Queen Elizabeth Tested Positive For COVID-19 On Sunday Official Report!! Here
Queen Elizabeth tested positive for COVID-19 on Sunday, sharpening concerns about the health of the world’s longest-reigning monarch two weeks after she marked 70 years on the British throne.
“The Queen has today tested positive for COVID,” the Palace said. “Her Majesty is experiencing mild cold-like symptoms but expects to continue light duties at Windsor over the coming week.”
“She will continue to receive medical attention and will follow all appropriate guidelines,” the Palace said.
- People in the U.K. who test positive for COVID-19 are now required to self-isolate for at least five days, although the British government says it plans to lift that requirement for England this week.
- Both the queen’s eldest son Prince Charles, 73, and her 74-year-old daughter-in-law Camilla, Duchess of Cornwall contracted COVID-19 earlier this month. Charles has since returned to work. There are also thought to be several recent virus cases among staff at Windsor Castle, where the queen is staying.
- British Prime Minister Boris Johnson, who has said he nearly died from COVID-19 in 2020, was due to scrap coronavirus self-isolation rules as part of a “living with COVID” strategy that aims to achieve a faster exit from the pandemic than other major economies.
- “I’m sure I speak for everyone in wishing Her Majesty The Queen a swift recovery from COVID and a rapid return to vibrant good health,” Johnson said on Twitter.
DEVOTION TO DUTY
- Elizabeth’s achievement has been to maintain the popularity of the British monarchy in the face of seismic political, social and cultural change that threatened to make the world’s most famous royal family an anachronism.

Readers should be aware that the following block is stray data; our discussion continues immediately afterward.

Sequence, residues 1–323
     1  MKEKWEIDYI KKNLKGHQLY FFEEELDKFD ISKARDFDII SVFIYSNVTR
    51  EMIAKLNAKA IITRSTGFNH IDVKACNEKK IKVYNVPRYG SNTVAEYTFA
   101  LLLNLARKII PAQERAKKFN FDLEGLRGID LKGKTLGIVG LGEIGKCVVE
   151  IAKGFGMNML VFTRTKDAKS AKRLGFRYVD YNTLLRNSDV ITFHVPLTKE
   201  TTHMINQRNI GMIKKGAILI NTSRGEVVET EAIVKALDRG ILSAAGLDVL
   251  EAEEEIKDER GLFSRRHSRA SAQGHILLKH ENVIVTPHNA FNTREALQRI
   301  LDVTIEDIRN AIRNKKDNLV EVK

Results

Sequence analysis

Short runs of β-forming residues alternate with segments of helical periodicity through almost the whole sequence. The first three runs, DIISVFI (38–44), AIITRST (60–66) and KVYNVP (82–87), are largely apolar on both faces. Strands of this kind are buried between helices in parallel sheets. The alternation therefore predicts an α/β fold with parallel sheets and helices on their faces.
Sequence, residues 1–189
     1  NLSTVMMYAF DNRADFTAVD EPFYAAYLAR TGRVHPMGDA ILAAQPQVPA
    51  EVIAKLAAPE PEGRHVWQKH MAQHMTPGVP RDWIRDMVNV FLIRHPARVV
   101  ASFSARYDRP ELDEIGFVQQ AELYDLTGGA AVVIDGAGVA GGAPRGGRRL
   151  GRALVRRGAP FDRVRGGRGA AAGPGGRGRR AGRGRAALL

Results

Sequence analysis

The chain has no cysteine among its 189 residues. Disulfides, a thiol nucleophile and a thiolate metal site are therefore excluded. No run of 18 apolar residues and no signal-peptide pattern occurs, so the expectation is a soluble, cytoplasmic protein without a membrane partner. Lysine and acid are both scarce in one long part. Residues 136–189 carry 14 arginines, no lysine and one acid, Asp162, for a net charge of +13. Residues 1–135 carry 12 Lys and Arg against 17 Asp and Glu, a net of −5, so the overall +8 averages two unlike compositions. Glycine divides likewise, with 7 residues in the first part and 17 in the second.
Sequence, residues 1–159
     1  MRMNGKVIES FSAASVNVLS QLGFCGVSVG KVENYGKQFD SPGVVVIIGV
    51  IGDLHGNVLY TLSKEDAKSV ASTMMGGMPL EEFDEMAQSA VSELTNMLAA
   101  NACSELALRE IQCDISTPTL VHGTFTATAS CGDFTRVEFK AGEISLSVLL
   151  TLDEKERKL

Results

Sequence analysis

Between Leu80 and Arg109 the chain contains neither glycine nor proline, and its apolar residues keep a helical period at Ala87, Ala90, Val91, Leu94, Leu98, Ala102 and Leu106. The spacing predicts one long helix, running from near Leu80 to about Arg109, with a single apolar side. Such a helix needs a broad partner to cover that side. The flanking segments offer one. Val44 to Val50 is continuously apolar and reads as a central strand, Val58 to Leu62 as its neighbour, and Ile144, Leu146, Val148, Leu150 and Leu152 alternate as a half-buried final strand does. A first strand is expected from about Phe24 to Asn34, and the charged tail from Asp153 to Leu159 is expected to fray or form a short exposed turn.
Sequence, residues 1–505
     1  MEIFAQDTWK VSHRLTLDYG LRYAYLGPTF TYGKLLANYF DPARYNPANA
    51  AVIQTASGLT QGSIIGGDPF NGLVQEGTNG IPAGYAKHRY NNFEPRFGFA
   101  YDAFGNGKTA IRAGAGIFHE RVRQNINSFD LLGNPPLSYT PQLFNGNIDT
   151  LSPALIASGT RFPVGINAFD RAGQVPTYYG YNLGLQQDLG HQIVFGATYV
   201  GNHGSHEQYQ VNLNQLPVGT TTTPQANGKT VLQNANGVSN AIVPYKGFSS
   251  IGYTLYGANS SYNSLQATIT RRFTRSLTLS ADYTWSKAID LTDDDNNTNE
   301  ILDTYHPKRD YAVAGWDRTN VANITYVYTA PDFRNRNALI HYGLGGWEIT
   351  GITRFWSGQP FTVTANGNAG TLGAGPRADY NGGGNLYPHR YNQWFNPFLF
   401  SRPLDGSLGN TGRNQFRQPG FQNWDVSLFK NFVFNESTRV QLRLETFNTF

- The queen’s doctors ordered her to rest after that and she was forced to cancel appearances at several key events, including Remembrance Sunday services and the COP26 climate conference in Glasgow, Scotland in November.
- This month she returned to public duties and has held audiences both virtually and in-person with diplomats, politicians, and senior military officers. During one exchange caught on camera last week, she walked slowly with a stick and said “as you can see I can’t move” in an apparent reference to her leg.
“She’s an icon, she is an exemplar of the UK in some ways, most people in the country have never known any monarch other than her,” Steven Stepanian, who works as a consultant in London, told Reuters.
The queen has in recent years attempted to pass more duties to her heir, Charles, and his eldest son, Prince William, and his wife, Kate.
- There are, though, concerns about the future. Such is the depth of respect for the queen that while she lives, the institution will be safe. What will follow is less certain.
- On Tuesday the queen’s second son, Prince Andrew, settled a U.S. lawsuit brought by a woman who charged he had sexually abused her when she was 17 and traveling with the late financier and sex offender Jeffrey Epstein. Andrew strenuously denied the claim by Virginia Giuffre. He agreed in a settlement to make a substantial donation to his accuser’s charity.
- Meantime, Prince Harry, once the Windsors’ most popular member and his American wife Meghan gave up their royal duties to move to Los Angeles. Meghan last year said concerns within the family had been raised over the skin color of their son. She also accused the family of neglect, saying she ended up with suicidal thoughts after pleading for help and getting none. The queen said some reminiscence may vary.
- British police said last week they had begun an investigation into allegations in media reports that honors were offered to a Saudi national in return for donations to one of Prince Charles’s charities.
For Many British People, Though, The Queen Is Very Special.
“She’s an icon, she’s an icon of the UK: she is an epitome of the UK in some ways, most people in the country have never known any monarch other than her,” Steven Stepanian, who works as a consultant in London, told Reuters.
Shashi Vandrevala, a 72-year-old retiree, said: “She has to get better, we can’t afford to lose her yet.”
As news of her COVID-19 infection spread, message boards in the London underground stations carried a goodwill message to the monarch, urging her to relax with her dogs. “Get better soon Your Majesty – chill out with the Corgis,” the message read. “Get plenty of rest. You’re simply the best. Thanks for being such a wonderful queen.”